Generally, rebuttal evidence is limited to that which answers, explains, repels, contradicts, or disposes of new affirmative matter raised by defendant. The decision to permit rebuttal testimony rests largely in the discretion of the trial court and will not be reversed on appeal unless that discretion is abused and the defendant is prejudiced. (People v. Thornton (1977), 54 Ill. App. 3d 202, 207, 369 N.E.2d 358.) In our view, defendant's reliance on People v. Wilson (1948), 400 Ill. 603, 81 N.E.2d 445, in support of his claim that the testimony was improperly admitted is misplaced. In Wilson, the testimony was found to be inadmissible on the ground that it was too remote in time to be relevant to the crime charged. That situation is not present in our facts.

Although it is questionable in our minds as to whether the fact defendant was in a slovenly condition when arrested acts to contradict his testimony that he had had $600 to $700 in cash two days earlier, defendant has failed to offer any evidence as to how he was prejudiced by the arresting officer's testimony. Accordingly, we find that even if the officer's testimony was improperly admitted, it was harmless error and does not provide grounds for reversal.

Finally, defendant argues that the trial court erred in failing to question defense counsel as to defendant's post-trial claims of ineffective assistance of counsel and in failing to appoint new counsel to investigate these claims.

The relevant facts concerning defendant's claim of ineffective assistance of counsel commence with the first day of trial when defendant personally presented to the court his motion for a bar association attorney. As grounds for his motion, defendant argued that: (1) he had not been able to get in touch with the public defender, and (2) the public defender had made no effort to contact two Chicago police officers whose testimony would impeach L.R.'s statement that she did not know defendant. In response to defendant's motion, the public defender moved to withdraw as defendant's attorney, stating that defendant had commenced complaints about her representation three months earlier in letters written to the legal aid clinic as well as to the public defender's office. Further, he had recently written complaint letters to the United States Attorney General and to the Attorney Registration and Disciplinary Commission. Although the public defender denied having acted incompetently in her representation of defendant, she felt it would constitute "a conflict of interest" for her to continue representing defendant. The trial court denied both motions, finding that defendant's motion was untimely and that it gave no valid reason for the appointment of a bar association attorney. The court further assured defendant that "if [the police officer] is living [the public defender] will get him down here."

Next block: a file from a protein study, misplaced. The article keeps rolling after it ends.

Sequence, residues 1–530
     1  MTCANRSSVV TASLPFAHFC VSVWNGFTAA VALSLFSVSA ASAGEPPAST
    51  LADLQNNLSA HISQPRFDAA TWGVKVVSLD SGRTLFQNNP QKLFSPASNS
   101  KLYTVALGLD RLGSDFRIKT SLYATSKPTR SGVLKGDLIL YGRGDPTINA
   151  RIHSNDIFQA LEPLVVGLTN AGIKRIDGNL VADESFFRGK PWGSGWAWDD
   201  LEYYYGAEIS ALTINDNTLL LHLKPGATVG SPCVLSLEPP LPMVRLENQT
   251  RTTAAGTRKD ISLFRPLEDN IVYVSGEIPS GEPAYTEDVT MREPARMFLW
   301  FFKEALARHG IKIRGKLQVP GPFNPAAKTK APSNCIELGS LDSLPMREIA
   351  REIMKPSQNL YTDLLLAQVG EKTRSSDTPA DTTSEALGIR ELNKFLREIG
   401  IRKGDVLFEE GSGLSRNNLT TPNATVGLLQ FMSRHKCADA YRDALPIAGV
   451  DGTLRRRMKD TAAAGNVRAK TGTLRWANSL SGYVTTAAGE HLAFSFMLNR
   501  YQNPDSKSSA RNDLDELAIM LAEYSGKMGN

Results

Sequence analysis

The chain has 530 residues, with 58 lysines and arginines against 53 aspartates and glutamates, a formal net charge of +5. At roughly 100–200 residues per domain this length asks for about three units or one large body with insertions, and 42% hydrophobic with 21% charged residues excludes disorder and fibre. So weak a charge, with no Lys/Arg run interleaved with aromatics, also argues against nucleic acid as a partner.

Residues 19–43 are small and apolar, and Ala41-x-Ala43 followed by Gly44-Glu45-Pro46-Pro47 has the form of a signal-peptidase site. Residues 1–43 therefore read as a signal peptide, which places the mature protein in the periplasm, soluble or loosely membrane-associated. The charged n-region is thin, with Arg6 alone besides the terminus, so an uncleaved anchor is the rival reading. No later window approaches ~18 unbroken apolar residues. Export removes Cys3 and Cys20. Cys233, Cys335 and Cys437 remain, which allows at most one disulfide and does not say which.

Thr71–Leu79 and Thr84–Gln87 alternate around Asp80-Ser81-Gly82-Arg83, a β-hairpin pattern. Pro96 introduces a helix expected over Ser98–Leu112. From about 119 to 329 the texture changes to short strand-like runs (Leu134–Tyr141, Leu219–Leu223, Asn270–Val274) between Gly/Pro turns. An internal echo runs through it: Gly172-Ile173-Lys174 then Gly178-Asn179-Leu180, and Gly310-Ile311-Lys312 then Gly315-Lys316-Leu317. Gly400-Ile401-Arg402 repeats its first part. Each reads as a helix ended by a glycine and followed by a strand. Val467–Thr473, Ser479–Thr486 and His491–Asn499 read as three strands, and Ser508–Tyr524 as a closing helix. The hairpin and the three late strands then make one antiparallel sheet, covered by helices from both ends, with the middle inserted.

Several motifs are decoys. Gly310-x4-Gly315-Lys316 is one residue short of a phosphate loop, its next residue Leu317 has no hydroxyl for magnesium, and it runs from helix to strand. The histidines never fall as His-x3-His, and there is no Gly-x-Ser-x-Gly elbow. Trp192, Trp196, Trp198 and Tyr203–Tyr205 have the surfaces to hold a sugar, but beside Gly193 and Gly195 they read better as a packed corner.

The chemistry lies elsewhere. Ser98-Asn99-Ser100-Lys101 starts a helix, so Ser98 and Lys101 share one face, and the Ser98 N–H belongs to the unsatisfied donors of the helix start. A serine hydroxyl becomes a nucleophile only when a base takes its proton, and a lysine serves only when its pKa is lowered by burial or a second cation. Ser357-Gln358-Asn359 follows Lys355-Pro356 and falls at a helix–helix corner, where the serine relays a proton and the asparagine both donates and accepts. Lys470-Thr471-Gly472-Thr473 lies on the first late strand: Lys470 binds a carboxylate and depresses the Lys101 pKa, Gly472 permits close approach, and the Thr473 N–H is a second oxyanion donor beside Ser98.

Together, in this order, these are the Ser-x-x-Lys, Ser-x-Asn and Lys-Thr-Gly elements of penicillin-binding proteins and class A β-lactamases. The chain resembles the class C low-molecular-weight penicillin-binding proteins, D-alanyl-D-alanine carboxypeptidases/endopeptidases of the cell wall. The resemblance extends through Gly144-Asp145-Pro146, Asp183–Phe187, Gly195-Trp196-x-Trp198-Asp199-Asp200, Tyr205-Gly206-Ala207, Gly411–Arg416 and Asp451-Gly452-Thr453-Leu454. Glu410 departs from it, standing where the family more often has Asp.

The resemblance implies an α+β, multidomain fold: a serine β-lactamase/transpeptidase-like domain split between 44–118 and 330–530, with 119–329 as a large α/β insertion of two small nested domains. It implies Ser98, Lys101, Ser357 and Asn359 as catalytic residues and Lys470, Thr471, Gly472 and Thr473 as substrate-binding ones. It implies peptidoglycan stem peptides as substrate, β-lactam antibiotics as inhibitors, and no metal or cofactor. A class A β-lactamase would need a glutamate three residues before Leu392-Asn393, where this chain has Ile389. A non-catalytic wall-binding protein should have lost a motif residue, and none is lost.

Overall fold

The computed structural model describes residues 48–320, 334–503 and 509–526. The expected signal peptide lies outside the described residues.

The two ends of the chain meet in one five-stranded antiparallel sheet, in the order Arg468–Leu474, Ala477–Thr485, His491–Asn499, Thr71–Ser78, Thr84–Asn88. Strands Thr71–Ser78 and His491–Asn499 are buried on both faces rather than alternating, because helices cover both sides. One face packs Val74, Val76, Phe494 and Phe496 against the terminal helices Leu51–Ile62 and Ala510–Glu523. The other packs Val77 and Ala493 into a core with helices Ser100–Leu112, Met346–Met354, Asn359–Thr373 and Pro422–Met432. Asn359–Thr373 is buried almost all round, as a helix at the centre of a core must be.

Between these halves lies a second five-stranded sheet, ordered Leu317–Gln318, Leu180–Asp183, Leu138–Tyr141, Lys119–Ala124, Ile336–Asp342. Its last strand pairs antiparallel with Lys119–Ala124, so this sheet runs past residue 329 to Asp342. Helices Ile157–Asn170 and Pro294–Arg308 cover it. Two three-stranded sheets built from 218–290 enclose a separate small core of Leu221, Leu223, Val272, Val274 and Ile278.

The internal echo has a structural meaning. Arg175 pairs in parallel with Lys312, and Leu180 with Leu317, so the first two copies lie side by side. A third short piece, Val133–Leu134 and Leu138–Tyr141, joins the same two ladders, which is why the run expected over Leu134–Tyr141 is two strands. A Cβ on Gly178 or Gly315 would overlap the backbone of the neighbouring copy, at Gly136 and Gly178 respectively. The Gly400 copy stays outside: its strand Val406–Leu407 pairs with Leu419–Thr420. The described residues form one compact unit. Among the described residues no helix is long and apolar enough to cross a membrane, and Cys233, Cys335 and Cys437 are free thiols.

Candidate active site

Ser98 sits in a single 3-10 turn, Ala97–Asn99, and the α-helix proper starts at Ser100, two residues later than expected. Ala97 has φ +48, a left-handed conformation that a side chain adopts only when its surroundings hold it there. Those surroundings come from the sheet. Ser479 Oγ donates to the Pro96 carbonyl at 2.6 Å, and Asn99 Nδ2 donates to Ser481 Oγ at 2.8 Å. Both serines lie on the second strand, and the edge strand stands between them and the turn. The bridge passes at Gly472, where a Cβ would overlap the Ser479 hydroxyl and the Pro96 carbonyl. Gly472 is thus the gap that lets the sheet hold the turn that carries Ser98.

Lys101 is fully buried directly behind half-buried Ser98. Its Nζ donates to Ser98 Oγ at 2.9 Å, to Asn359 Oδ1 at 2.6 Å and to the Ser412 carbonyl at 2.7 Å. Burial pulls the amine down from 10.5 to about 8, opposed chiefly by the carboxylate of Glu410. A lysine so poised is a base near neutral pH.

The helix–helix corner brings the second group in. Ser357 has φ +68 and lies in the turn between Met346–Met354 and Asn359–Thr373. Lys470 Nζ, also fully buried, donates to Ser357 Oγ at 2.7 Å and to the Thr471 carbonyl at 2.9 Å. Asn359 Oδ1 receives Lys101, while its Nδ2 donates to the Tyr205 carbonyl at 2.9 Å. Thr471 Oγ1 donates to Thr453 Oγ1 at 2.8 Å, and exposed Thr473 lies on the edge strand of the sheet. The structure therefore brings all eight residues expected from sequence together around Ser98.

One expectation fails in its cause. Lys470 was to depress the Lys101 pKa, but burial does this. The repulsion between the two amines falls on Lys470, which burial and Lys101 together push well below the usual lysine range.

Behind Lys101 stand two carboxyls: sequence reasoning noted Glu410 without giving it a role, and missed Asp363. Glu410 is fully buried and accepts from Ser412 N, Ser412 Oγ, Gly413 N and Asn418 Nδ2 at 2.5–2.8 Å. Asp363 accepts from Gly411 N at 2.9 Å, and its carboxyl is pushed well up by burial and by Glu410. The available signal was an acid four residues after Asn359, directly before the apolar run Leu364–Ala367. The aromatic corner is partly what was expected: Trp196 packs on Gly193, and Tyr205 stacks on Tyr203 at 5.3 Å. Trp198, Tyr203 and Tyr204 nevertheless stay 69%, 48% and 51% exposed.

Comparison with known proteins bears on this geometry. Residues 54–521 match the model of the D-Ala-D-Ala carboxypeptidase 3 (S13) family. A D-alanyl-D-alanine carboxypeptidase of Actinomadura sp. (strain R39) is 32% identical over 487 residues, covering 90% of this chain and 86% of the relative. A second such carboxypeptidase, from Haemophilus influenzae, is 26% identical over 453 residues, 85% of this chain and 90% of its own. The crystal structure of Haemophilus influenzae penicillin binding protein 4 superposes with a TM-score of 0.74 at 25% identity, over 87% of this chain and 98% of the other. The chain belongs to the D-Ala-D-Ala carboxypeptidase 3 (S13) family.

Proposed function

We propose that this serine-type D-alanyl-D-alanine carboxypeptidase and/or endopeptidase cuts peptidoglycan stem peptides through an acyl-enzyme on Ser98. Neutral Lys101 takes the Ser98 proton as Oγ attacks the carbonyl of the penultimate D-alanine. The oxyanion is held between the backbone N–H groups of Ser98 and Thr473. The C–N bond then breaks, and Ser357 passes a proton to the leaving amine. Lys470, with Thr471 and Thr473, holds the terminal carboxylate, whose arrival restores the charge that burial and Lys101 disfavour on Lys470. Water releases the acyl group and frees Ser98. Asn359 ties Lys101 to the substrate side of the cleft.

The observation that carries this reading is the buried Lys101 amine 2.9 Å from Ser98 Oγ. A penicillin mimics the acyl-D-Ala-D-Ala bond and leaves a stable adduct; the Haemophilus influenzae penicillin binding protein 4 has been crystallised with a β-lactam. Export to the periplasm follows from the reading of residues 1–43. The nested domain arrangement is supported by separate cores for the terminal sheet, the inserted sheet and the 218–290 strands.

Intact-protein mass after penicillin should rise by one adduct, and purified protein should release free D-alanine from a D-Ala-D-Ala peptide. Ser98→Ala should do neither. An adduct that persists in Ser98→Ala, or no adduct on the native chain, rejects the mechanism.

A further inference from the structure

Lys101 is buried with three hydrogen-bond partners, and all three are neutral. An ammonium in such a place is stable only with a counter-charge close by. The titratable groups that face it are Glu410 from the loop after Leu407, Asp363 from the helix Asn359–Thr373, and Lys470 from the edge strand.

Following trial, the same public defender moved for a new trial, alleging, inter alia, that the court erred in denying defendant's motion to replace her as defendant's trial counsel prior to the commencement of trial. Defense counsel did not argue the motion nor did defendant request to argue it pro se. The trial court denied the motion. Following arguments in aggravation and mitigation, defendant addressed the court on his own behalf, reminding the court of its promise to him that if the police officer were alive, he would be brought to court to testify. Defendant added that he had talked to the officer personally and learned that he had never even been subpoenaed.

We find People v. Krankel (1984), 102 Ill. 2d 181, 464 N.E.2d 1045, dispositive of the issue. In Krankel, following a jury trial, defendant was convicted of burglary. Defense counsel filed a motion for new trial and three weeks later defendant filed a pro se motion for new trial, alleging ineffective assistance of counsel predicated on defense counsel's failure to present a valid alibi defense. The trial court allowed defendant to argue his pro se motion. Defense counsel moved for a continuance as to his motion, stating that defendant should be assigned new counsel for the post-trial hearing. The trial court denied the motion for continuance and denied the post-trial motions. On appeal, the reviewing court reversed and remanded for a new trial, holding that the trial court had erred in denying defendant's motion for new trial when counsel had failed to investigate an alibi witness.